Appallingly, even with a chronic shortage of ICU capacity, only 41 additional beds have been delivered since the start of the pandemic, despite the HSE spending over €3.84 billion on Covid-19 related measures, according to PQ replies obtained by Deputy Mc Grath.
Speaking today (Wednesday 15th September), at the beginning of the new Dáil term, the leader of the Rural Independent Group, Deputy Mattie Mc Grath stated:
“In recent weeks, the failure of government to address the major crises across Ireland’s public healthcare system has been laid bare, through record waiting lists, resignations and a complete lack of any meaningful short, medium or longer-term solutions.”
“These failings have been encapsulated in the latest figures released by the National Treatment Purchase Fund (NTPF), which shows over 907,600 people on some form of NTPF waiting list to be treated or assessed by a Consultant. This represents an increase of 66,167 people (8%) since this time last year and an increase of almost 124,000 (16%) since August 2019.”
“Today as the Dáil resumes, my colleagues and I in the Rural Independent group, are calling on the Minister for Health to respond immediately by releasing the long-awaited multi-annual waiting list reduction plan and providing realistic targets and timescales for the reduction of Ireland’s chronic waiting lists.”
“It is completely unacceptable that Irish patients must tolerate a less than adequate level of care in comparison to other EU citizens when it comes to access to healthcare.”
“Furthermore, we are calling on the Minister for Health to clarify, how despite over €3.84 billion spent by the HSE on Covid-19 measures to date, that a mere additional 41 ICU beds have been provided. Ireland’s drastic lack of ICU bed capacity is a very urgent concern and must be addressed immediately.”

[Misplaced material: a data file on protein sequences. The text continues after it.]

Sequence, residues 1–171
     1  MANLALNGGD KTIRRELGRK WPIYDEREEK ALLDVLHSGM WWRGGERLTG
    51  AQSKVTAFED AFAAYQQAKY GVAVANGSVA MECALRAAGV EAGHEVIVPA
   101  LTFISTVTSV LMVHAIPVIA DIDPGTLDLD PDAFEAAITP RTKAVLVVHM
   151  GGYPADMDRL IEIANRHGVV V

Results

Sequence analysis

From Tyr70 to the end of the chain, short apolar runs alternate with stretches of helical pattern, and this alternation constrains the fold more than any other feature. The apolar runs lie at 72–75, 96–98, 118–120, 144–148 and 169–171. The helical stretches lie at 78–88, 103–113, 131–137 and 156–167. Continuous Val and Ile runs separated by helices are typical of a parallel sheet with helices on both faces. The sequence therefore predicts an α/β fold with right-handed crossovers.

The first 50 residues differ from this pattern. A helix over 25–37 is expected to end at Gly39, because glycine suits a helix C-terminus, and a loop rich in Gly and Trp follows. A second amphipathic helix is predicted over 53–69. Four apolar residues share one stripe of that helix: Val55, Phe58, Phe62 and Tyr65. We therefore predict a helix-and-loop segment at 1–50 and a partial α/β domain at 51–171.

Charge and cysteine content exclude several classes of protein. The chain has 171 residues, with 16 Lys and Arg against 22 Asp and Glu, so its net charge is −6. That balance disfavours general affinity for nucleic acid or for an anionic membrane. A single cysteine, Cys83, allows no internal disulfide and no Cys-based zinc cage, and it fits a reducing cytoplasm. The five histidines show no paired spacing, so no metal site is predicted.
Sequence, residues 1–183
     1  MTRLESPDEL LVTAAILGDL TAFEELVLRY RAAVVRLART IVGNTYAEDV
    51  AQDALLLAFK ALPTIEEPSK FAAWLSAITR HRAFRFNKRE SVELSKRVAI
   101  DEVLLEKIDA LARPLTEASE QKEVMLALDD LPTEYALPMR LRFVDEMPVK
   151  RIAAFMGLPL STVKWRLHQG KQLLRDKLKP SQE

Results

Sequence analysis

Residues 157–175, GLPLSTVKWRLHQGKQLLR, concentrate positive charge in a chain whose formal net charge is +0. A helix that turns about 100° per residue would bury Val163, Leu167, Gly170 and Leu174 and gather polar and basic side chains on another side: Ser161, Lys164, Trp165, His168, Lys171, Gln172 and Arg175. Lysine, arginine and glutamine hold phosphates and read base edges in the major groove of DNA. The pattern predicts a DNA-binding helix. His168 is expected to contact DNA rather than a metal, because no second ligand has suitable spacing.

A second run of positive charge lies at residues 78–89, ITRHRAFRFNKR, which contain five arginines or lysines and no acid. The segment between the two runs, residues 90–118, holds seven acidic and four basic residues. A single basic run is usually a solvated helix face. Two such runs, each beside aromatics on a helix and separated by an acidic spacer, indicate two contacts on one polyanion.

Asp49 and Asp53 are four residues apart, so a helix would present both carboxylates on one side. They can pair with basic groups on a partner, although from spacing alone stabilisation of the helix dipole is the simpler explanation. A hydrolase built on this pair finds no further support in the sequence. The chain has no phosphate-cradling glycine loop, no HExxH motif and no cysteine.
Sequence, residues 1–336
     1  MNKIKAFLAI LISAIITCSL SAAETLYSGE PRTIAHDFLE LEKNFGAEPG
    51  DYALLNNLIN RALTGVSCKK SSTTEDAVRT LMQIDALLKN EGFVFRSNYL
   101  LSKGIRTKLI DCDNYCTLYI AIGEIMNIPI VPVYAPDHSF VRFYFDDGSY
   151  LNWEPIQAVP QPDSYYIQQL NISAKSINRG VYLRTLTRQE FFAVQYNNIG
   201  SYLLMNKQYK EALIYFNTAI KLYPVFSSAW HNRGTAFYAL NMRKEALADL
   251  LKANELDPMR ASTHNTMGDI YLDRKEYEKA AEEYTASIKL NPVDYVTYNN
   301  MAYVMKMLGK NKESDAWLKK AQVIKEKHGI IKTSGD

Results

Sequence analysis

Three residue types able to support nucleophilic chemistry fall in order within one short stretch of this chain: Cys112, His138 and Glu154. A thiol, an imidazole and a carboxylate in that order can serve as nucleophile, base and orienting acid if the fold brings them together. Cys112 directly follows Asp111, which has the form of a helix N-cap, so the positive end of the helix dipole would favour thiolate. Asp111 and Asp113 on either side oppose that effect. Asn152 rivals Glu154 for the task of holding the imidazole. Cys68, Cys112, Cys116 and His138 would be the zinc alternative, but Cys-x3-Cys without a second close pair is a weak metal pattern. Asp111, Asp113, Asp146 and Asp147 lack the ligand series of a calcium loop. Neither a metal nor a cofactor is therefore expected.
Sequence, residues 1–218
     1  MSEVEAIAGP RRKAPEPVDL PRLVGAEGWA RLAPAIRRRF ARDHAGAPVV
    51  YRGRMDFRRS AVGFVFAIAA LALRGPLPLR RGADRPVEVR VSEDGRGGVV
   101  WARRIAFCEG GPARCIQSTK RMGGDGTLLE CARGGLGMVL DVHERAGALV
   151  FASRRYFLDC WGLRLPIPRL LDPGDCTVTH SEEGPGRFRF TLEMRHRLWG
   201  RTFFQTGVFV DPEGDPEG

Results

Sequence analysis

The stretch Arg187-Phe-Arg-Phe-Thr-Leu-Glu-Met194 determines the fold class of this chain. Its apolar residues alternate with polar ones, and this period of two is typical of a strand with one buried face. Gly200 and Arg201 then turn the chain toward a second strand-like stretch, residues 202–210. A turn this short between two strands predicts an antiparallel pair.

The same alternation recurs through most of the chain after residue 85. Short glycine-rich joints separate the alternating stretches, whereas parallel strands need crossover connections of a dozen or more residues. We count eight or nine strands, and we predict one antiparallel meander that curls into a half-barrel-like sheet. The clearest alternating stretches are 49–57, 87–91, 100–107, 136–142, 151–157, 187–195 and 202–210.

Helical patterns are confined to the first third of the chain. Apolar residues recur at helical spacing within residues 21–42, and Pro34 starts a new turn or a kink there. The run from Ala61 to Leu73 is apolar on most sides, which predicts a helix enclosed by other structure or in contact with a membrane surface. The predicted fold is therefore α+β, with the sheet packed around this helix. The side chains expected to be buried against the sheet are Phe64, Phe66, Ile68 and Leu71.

“Moreover, the Minister for Health must also clarify to the Dáil, how the HSE could be allowed to spend around €1 million of taxpayer’s money per week, on external accountancy services to the biggest five firms in the country. These include lucrative contracts with firms – EY (Ernst Young), PWC (Price Waterhouse Coopers), Grant Thornton, Deloitte and KPMG.”
“We understand that the total paid last year (2020) to these five firms alone was €41m while another €16.4m was paid up to the end of March (2021). In total, that is a staggering total of €57.4m with millions more, having most likely, been paid over since March, which on a pro-rata basis would bring the total paid in the region of €1million a week, since the beginning of the pandemic.”
“How can the HSE be allowed to operate in this manner by the government?”. After all, the HSE employs large numbers of in-house expertise and is the largest public sector employer in the country.”
“Every Irish person deserves to have access to a functioning and fit-for-purpose healthcare system. Under this government’s watch, the healthcare crisis has escalated on many different fronts. Therefore, we are calling for the Minister for Health Stephen Donnelly to come before the Dáil and answer these crucial and pressing questions,” concluded Deputy Mc Grath.